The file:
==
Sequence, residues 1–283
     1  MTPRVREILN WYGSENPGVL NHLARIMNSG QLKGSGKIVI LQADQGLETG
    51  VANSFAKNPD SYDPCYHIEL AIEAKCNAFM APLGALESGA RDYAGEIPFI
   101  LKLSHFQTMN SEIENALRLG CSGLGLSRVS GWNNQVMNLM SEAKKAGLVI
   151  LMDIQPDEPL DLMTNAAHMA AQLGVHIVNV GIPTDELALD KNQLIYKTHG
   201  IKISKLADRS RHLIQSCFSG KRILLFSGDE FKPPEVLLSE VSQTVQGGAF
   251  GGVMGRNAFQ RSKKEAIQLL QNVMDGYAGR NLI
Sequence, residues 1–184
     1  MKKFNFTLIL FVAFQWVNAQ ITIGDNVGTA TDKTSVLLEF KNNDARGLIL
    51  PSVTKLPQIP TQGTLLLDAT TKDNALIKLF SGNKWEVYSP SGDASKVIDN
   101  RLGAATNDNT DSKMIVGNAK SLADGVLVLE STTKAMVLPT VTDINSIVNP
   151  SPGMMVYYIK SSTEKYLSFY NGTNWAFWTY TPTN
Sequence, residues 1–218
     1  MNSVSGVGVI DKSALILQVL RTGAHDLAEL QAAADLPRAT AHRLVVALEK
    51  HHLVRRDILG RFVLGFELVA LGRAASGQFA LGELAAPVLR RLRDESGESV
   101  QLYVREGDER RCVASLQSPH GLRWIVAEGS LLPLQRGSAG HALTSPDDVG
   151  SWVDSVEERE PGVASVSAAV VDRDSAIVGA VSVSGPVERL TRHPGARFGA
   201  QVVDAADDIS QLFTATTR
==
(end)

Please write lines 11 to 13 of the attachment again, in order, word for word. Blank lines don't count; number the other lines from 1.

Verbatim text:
   101  RLGAATNDNT DSKMIVGNAK SLADGVLVLE STTKAMVLPT VTDINSIVNP
   151  SPGMMVYYIK SSTEKYLSFY NGTNWAFWTY TPTN
Sequence, residues 1–218